A pivotal chance for Philadelphia’s climate future


One year ago, the Schuylkill River had just normalized after rising to catastrophic levels following Hurricane Ida. The ensuing floods that swallowed up the Vine Street Expressway, ruined homes, and businesses, and took multiple lives, provided a potent reminder that Philadelphia, nestled between two rivers, is uniquely susceptible to the impacts of extreme weather resulting from climate change.

If nothing else, a look back at the historic flooding should serve as a reminder of the need to advance prescriptive policies at the local level that curtail the negative effects of climate change, reduce greenhouse gas emissions, and protect Philadelphia’s health and infrastructure. The recent Supreme Court decision undermining the EPA’s ability to regulate emissions on a national level amplifies the need for cities like Philadelphia to take charge of their climate futures.

Thankfully, Philadelphia has a policy road map in place. In 2021, Mayor Jim Kenney and City Council made a “net zero” pledge to achieve carbon neutrality by 2050. It’s an ambitious goal that’s drawn support in other cities such as Boston, New York, and San Francisco. Coinciding with the pledge, the city also released a draft of its Climate Action Playbook — a blueprint of data-driven recommendations and expertise to suggest ways to reduce climate change’s impacts through an equitable and inclusive lens.

During Climate Week NYC 2022 and Global Clean Energy Action Forum in Pittsburgh, we want to spotlight Philadelphia and cities around the world that are at an inflection point for environmental progress. While municipalities need to look forward to innovations and policies, there are also existing programs and technologies that could be better harnessed by individuals and embraced by local governments to make a significant difference in achieving our climate goals.

For example, on a small scale, look at how electric cargo bikes are increasingly diminishing the environmental impact of urban deliveries. The British advocacy group Possible put out a study last year that found electric cargo bikes reduced emissions by 90 percent compared to diesel vans and by one-third compared to electric vans. Plus, the bikes were more efficient from a delivery standpoint, making more than 50 percent more deliveries than vans.

Although car emissions get a lot of publicity, building emissions are a bigger culprit. According to Climate Action Playbook, the buildings of Philadelphia emit a whopping 75 percent of the city’s total carbon footprint—triple the total emissions from all modes of transportation.

What cargo bikes are doing for deliveries, Vicinity is doing for building emissions. In April, we announced the launch of eSteam™. It’s a technology specifically designed to rapidly decarbonize this critical area of climate change. We will offer renewable thermal energy by installing electric boilers instead of the traditional gas-burning variety and industrial-scale heat pumps and thermal storage at our central facilities to provide sustainable and reliable service. Although eSteam™ will first be available in Boston and Cambridge, Philly will soon follow.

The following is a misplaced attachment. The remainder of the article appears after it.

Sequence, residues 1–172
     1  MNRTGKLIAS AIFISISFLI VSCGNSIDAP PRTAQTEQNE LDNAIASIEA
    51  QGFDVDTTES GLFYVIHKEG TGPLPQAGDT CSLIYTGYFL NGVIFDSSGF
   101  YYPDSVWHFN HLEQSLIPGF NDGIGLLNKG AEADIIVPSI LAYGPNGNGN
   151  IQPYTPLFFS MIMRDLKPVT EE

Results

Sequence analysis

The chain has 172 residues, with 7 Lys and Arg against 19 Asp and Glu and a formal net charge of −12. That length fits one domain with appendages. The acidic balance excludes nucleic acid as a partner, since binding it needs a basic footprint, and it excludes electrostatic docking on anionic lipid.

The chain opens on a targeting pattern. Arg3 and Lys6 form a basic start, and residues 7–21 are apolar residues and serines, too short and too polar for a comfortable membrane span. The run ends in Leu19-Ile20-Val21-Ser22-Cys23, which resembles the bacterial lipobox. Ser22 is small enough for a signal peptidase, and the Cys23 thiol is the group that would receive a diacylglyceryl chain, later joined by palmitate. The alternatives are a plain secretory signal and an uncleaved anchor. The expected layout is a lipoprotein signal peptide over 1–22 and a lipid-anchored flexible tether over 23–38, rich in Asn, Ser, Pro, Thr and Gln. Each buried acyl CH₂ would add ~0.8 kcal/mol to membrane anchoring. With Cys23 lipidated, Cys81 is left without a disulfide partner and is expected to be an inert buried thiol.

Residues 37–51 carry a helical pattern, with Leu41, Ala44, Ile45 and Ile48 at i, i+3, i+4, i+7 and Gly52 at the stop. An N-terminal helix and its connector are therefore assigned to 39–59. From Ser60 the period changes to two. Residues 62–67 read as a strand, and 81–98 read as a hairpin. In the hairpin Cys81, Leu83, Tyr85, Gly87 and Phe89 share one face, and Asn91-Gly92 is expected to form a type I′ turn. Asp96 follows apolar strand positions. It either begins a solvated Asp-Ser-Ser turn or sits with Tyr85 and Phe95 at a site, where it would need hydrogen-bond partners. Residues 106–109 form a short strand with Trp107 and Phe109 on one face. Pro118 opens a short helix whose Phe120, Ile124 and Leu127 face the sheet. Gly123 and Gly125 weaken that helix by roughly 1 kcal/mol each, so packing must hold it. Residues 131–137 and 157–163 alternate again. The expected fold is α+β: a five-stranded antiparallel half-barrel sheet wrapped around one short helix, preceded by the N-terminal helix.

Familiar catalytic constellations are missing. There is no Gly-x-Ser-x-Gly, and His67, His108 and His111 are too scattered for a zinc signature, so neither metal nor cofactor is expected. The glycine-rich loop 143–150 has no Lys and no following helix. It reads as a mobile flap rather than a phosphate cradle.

Investing in renewable energy sources will serve to increase energy stability and reliability in the face of recent climate and fossil fuel-related emergencies. At this week’s climate event in NYC, leaders noted that renewables would ensure resilience and security beyond driving economic growth.

We are committed to using innovative technology to upgrade how we create steam to serve downtown Philadelphia. We’ve already begun scoping and designing our systems for decarbonization. We are beyond excited with the overwhelmingly positive response to our plan among advocates, policymakers, and customers.

Simply put, Philadelphia is on track to become the largest decarbonized district energy system in the U.S.

At Vicinity Energy, we constantly look at what leaders are doing worldwide for inspiration and guidance on combatting climate change. Similar thermal energy systems surpass their climate goals in places like Copenhagen, and we need to do more in Philadelphia. Vicinity is innovating, implementing, and solving decarbonization challenges, “Getting It Done” with district energy.

Learn more about our electrification plan in our white paper.

Vicinity Energy White Paper - Revolutionizing Urban Sustainability

Jeannie Morris

Jeannie Morris is Vicinity's Senior Director of Government Affairs, responsible for leading the company’s government and industry relations strategy, including policy alignment with Vicinity’s Net Zero Carbon plan. She writes about topics related to district energy, climate policy, and working towards a clean energy future.